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Children Alone in Cars Not Safe In Winter Either

December 15, 2010

MINNEAPOLIS - Most people have heard about the dangers of leaving children alone in a vehicle during the sweltering heat of summer, but winter's brutal cold also poses risks to children in and around cars. Dr. Andrew Kiragu, medical director of pediatric intensive care for Hennepin County Medical Center, says leaving kids by themselves in cars is never a good idea, even with the engine running and the heat on.

"There's the danger, particularly if the car is parked in a place where snow or ice is blocking the exhaust, where there might be a buildup of carbon monoxide within the car, which can put the child in serious danger."

Infants are at higher risk for cold-related injuries, explains Kiragu, because their ability to regulate body temperature has not developed like older children or adults. Their limited mobility also prevents them from escaping a locked car. Other injury risks include curious children who might put a car in gear, kids who climb out of the car alone, or abduction – because a child is in the vehicle when it is stolen.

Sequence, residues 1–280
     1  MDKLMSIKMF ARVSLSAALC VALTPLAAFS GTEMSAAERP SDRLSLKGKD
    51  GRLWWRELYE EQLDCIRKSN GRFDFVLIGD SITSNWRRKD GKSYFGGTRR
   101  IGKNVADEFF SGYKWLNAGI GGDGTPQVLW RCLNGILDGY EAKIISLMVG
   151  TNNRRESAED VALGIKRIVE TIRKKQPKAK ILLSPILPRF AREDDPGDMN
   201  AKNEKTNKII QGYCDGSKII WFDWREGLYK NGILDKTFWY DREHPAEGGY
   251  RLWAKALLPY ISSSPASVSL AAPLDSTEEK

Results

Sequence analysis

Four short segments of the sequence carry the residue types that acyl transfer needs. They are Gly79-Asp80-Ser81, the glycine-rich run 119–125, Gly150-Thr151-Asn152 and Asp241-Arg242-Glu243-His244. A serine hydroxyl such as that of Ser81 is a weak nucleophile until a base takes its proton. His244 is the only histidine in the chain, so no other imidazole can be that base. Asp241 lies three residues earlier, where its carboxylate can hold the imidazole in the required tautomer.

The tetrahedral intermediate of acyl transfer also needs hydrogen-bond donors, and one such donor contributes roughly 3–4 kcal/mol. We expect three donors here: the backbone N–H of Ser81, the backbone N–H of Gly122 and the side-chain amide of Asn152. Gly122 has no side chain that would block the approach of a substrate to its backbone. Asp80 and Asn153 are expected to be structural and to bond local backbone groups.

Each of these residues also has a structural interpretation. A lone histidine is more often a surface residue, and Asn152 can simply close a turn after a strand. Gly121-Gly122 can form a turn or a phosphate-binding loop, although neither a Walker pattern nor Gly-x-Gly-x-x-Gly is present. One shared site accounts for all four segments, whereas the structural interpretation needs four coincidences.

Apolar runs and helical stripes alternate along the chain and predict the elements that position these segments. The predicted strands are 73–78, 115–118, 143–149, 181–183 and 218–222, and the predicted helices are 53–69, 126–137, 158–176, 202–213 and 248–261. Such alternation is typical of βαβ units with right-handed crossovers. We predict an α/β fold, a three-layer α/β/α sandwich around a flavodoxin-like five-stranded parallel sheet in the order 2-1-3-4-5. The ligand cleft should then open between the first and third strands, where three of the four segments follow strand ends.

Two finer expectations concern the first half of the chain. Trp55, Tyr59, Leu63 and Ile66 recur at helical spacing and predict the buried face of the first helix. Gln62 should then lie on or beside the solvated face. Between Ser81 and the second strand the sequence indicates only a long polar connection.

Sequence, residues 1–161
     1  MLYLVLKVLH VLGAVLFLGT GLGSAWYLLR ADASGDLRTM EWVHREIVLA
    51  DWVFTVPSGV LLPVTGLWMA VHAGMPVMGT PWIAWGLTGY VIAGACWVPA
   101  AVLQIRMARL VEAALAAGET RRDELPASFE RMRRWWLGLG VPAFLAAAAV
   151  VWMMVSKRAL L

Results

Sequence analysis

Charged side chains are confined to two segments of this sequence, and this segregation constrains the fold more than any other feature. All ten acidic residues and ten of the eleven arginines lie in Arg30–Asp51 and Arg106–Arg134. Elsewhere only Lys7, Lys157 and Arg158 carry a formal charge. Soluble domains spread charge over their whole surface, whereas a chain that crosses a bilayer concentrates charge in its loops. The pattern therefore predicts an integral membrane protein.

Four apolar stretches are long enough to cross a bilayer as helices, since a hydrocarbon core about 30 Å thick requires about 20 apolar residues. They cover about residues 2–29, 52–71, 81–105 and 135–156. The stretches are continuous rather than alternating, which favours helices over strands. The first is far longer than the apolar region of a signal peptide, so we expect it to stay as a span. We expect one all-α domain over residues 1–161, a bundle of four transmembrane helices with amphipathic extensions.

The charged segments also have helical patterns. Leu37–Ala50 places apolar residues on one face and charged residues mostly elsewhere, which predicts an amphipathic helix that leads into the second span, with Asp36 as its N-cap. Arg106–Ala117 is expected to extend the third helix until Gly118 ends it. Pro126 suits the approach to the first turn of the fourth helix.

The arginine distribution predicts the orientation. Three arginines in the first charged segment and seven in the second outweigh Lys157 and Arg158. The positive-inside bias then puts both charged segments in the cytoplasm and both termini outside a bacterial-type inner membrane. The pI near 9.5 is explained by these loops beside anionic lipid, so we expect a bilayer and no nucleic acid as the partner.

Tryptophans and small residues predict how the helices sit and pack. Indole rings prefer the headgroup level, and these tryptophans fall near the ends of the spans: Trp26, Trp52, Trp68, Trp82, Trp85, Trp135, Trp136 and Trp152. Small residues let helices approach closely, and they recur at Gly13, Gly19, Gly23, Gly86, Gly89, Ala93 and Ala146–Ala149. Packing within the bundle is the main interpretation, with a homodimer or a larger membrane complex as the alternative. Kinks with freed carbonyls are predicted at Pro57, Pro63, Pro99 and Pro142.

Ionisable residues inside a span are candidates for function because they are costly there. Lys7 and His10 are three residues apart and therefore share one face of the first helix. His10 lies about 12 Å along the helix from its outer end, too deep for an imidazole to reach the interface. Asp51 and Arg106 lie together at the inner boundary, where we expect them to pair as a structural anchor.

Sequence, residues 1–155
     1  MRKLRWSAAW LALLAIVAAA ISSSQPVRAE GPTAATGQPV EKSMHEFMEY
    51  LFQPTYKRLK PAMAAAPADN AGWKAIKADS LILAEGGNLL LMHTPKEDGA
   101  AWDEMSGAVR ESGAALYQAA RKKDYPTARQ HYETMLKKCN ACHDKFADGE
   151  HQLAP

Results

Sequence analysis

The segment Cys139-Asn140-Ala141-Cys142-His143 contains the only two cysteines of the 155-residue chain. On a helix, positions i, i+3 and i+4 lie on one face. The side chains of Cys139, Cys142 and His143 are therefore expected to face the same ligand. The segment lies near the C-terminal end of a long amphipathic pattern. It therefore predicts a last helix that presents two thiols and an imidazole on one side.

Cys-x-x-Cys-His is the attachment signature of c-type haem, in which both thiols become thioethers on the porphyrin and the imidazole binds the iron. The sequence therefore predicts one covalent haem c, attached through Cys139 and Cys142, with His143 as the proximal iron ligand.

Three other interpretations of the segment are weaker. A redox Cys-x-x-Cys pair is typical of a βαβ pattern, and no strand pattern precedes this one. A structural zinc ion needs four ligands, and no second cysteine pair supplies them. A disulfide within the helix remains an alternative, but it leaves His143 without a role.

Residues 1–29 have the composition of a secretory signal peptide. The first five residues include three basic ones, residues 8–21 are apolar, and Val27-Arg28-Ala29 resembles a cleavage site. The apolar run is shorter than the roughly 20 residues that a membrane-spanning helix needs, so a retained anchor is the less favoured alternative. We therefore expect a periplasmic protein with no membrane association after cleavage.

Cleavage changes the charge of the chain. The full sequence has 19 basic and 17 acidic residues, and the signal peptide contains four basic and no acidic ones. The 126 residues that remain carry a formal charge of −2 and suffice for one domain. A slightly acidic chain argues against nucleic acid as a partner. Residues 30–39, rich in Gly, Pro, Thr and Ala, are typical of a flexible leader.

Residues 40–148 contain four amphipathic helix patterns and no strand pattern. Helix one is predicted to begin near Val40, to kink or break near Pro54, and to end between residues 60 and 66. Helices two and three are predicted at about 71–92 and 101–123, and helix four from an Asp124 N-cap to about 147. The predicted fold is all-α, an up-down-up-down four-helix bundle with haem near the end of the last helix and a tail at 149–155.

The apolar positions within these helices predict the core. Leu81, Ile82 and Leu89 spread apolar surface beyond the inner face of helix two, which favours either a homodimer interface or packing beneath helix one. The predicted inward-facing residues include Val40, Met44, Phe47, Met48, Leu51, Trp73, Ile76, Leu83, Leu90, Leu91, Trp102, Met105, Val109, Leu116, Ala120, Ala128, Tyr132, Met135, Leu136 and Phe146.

Kiragu acknowledges that many such cases are unintentional. Parents simply forget: They've been distracted; they're dealing with hectic schedules or changes in their routine. To serve as a memory trigger, he suggests placing a necessary item for the day next to the child.

"If you have a purse or bag, have it in the backseat of the vehicle – so, if you have to leave the vehicle, you have to look back, so you see, 'Oh! Baby's still in the back.'"

In the last busy days of holiday shopping, lugging children in and out of the car can feel overwhelming. But Kiragu cautions adults to resist the temptation to leave youngsters alone, even to dash into a store for "just a second."

"The time that you spend away from the car is never as short as you think it really is, and even that small amount of time can put your child in danger."

With the recent major snowfall, Kiragu also urges drivers to be extra mindful of children in the street. Large snowdrifts can impair visibility, and icy roads can make reaction time and quick stops difficult.

Sharon Rolenc, Public News Service - MN